Portugal is fighting to put out a spate of wildfires after the southern European country hit a year high of outbreaks for a single day on Friday, authorities say.
Over 2,500 firefighters supported by over 800 vehicles and 15 air units were still mobilized on Saturday morning to combat the flames.
"Despite the relentless fires, the situation is now more stable," said civil protection agency spokeswoman Patricia Gaspar in Lisbon.
Emergency workers had nearly gained control of wildfires across Portugal's drought-hit central region on Thursday, but stronger winds fanned flames in several areas.
In the village of Bracal, flames were being blown towards houses as residents grabbed what they could to aid firefighters, an AFP journalist said.
Some residents voiced anger at authorities after a season of repeated wildfires which have stretched resources.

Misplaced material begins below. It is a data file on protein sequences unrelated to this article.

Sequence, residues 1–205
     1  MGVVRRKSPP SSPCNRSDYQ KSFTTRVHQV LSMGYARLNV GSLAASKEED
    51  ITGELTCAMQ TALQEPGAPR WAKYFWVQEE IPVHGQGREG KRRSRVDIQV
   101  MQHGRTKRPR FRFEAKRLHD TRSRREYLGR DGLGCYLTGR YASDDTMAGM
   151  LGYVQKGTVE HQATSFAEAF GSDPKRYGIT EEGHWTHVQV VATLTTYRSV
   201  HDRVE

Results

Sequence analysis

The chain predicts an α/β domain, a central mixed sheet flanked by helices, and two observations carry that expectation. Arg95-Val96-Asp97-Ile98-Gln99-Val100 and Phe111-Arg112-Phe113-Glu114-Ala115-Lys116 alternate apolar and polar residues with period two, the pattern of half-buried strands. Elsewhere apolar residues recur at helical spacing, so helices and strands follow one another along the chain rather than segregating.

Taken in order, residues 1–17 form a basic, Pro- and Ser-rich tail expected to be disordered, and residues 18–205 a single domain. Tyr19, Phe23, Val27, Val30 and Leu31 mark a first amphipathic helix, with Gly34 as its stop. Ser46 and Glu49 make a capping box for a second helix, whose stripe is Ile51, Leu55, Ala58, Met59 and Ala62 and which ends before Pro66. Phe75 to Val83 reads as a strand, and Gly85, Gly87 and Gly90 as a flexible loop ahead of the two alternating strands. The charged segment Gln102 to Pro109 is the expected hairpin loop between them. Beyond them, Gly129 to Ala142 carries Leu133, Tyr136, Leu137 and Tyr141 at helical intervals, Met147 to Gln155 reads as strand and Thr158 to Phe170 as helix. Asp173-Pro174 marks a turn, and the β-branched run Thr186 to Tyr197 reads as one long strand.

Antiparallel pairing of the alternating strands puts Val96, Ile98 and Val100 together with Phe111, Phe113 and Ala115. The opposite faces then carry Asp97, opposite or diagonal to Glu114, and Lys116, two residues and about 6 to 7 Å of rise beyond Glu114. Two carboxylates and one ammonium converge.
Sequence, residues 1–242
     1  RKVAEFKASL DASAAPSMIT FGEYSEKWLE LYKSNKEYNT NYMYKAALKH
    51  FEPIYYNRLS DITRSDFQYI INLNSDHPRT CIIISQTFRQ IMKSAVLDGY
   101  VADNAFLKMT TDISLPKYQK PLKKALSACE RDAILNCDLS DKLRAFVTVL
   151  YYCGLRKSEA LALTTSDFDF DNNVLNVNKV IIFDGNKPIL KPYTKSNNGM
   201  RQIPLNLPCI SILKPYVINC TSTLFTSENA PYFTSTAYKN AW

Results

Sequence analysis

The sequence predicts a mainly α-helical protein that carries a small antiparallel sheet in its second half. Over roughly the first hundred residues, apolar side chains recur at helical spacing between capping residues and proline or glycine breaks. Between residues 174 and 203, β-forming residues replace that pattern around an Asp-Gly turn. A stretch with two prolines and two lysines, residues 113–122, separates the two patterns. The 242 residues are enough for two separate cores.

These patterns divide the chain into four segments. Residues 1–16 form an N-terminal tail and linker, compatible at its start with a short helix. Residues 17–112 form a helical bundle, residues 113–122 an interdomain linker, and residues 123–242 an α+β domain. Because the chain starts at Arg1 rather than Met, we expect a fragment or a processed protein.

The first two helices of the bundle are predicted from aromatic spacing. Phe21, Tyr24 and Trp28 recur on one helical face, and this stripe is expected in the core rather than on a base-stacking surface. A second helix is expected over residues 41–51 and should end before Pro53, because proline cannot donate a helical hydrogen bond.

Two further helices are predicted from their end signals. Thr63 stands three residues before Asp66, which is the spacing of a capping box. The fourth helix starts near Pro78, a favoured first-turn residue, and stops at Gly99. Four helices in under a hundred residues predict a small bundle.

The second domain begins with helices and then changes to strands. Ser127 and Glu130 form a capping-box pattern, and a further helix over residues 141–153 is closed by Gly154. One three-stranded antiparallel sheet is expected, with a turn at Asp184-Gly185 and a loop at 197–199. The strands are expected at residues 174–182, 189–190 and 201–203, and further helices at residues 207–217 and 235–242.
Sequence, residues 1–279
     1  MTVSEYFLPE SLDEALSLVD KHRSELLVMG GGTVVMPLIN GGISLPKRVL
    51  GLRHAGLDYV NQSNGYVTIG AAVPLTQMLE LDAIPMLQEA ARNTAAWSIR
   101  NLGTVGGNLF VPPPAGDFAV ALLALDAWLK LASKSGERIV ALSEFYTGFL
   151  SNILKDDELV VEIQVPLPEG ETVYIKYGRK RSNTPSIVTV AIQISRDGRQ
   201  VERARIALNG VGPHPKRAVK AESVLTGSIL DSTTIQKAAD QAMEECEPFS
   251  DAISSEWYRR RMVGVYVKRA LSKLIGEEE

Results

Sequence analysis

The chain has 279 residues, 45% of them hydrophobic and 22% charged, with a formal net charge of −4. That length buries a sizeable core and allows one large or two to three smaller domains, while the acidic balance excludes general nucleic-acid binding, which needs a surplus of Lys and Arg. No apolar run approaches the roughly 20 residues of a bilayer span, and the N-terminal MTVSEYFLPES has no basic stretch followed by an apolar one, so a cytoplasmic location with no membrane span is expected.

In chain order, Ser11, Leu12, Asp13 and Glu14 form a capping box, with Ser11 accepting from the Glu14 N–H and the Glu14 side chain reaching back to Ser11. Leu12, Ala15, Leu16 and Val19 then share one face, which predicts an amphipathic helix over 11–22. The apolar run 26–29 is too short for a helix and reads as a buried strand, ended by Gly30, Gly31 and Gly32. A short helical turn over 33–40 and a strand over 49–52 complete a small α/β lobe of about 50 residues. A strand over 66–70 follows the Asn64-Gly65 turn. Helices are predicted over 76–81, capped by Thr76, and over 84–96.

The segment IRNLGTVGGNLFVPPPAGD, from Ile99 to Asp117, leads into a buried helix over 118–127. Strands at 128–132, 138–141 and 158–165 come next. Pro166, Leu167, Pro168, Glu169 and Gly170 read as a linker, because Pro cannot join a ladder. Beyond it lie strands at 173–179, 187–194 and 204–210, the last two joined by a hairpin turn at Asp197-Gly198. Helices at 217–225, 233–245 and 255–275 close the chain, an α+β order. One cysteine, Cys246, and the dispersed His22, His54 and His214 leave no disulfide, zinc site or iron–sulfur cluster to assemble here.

"Firefighters can't perform miracles, they are exhausted," said Lucia Ricardo, who lives in Bracal, close to the central town of Abrantes.
Six villages had been evacuated around Abrantes on Thursday as fire-dousing planes flew sorties over the flames.
Another blaze near Grandola, in the southern Setubal district, needed 200 firefighters to bring it under control after burning through around 3,000 hectares (30 square kilometres) of forest.
Portugal has been hard hit by wildfires, including one that killed 64 people and injured 200 others in June, during a summer marked by high temperatures and a lack of rain.
After an uncommonly dry winter and spring, almost 79 percent of the Portuguese mainland was enduring extreme or severe drought at the end of July, according to the national weather office.
Wildfires in Portugal this year have accounted for more than one-third of the burnt forest in the entire 28-country European Union.
Dry conditions have also fuelled fires on France's Mediterranean coast and on the island of Corsica in recent weeks.
Almost 700 people, mostly holidaymakers, were evacuated from two